6. It is quite a long story. When I was young, I had terrible problems with my lungs, and was hospitalized each year for almost three months. It was extremely difficult to bear with it, skipping school, not being able to participate in outdoors activities, and so on. And the projection was not good–doctors back home said I’d struggle all my life. But then my parents discovered a pulmonary specialist in a Swiss clinic, we traveled there, and I undergone an experimental therapy combined with a lung surgery. Miraculously, six months after the surgery, my lungs were back to full capacity, and the problems have never returned. This doctor had such a profound impact on my life. He is my inspiration, and the reason why I want to be a doctor. I also want to help young people to regain their hope, and resume normal ways of living, after they’ve been struck with some terrible illness.
  7. To be honest, at the moment I do not really know. My goal is to work in healthcare, perhaps even in medical research, because I know that being healthy is the most important thing, and nothing else comes even close to it. But I am still young, and I look forward to meet like-minded intelligent people at the med school, explore different opportunities, and later decide what exactly I want to do with my life and professional career.


The more specific you are, the better

Try to think about yourself in ten years from now. Dare to dream. Imagine what you’d love to do, where you’d love to work, how you’d like to specialize, what impact you’d like to have in the local community, or in the world.

Come up with some vision, a meaningful one, and present it as your main driving force, the reason why you opted for difficult studies at a med school. That’s the way how to impress the admission committee members, and perhaps say something else than the majority of applicants will say.

Needless to say, you do not have to attain this vision in the future. You even do not have to follow it. People change, and so do their priorities. You may dream of something different in four years from now, or even in four weeks from now. When interviewing for a place at a med school, however, having a vision will certainly help you make an impression on the people from med school.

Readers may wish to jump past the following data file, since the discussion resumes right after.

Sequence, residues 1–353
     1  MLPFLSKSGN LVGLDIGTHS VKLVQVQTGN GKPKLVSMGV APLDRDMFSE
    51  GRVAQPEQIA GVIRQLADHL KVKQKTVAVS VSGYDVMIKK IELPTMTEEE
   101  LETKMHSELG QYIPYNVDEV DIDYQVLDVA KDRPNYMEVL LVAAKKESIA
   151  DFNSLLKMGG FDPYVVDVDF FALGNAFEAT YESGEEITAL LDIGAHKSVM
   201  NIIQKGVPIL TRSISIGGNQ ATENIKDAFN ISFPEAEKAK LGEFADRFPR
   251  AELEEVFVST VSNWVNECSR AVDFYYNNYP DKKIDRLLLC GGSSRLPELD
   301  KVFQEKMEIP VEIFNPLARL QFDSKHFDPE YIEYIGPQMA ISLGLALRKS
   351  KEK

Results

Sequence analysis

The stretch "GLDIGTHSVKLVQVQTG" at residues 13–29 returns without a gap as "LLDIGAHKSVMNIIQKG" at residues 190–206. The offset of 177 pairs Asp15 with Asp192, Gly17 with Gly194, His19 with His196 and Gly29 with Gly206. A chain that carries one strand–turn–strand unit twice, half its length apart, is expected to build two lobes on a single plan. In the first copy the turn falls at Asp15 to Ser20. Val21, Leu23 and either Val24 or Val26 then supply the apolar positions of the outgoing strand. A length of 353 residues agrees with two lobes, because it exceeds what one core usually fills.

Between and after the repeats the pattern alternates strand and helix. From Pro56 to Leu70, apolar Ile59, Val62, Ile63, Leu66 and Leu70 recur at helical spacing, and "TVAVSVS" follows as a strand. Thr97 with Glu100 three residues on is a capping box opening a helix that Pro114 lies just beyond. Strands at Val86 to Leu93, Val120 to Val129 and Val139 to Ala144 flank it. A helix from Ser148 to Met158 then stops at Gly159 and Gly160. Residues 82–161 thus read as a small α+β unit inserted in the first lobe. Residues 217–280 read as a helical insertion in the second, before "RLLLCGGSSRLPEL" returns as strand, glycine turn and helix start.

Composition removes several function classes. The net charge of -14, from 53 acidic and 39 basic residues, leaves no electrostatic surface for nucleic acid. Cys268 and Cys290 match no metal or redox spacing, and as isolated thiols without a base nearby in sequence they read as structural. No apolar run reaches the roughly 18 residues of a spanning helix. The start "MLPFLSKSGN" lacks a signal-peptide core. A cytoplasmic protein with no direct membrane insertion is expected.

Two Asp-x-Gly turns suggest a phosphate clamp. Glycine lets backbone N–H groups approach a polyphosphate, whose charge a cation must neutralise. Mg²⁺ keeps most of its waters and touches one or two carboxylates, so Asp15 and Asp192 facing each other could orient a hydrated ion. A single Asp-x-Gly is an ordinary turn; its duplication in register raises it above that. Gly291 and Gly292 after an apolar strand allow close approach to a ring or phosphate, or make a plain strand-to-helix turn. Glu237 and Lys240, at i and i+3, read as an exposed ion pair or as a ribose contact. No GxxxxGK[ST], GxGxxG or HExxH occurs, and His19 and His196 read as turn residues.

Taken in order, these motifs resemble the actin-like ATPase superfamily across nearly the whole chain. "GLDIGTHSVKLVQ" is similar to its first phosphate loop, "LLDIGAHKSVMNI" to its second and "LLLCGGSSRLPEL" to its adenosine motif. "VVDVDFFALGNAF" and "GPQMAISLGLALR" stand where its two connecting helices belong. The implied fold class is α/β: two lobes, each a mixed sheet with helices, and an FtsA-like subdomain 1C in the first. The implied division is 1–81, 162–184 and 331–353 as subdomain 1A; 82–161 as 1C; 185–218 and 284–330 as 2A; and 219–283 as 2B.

Brutal honesty can do wonders, especially if you have nothing to lose

You may find yourself in a variety of situations in the interviews. Maybe you did not have the very best GPA, or something else didn’t go that well in your application process. In every interview there are some favorites, but you certainly do not belong to the group. They still invited you for the interviews, but you are more of an underdog, someone who can surprise them positively and perhaps win their favor, but that’s all you can hope for, considering your starting position.

In such a case, it makes sense experimenting with unconventional answers. Because saying, more or less, the same thing as candidates with much better academic record will say, isn’t going to take you anywhere.

Interesting attitude is going for brutal honesty. Why not saying that you want to earn BIG, buy a nice holiday villa, and make impression on the most beautiful men/women, being a respected and recognized doctor in the area? In reality many people dream exactly about these things, but they are afraid to admit it, either to themselves, or the admission committee.

Maybe you can be the only truly honest applicant in the interviews? It doesn’t mean that you want to be the doctor only to make a lot of money. Sure enough, you see the meaningful purpose in the work, and whatever. But your primarily reason to go for this hard study program is to belong to the upper class one day, earning big, and enjoying the possibilities the money provide…


Ready to answer this one? I hope so! But it isn’t the only difficult question you will face in your med school interview. Check also 7 sample answers to other tricky questions:

Matthew Chulaw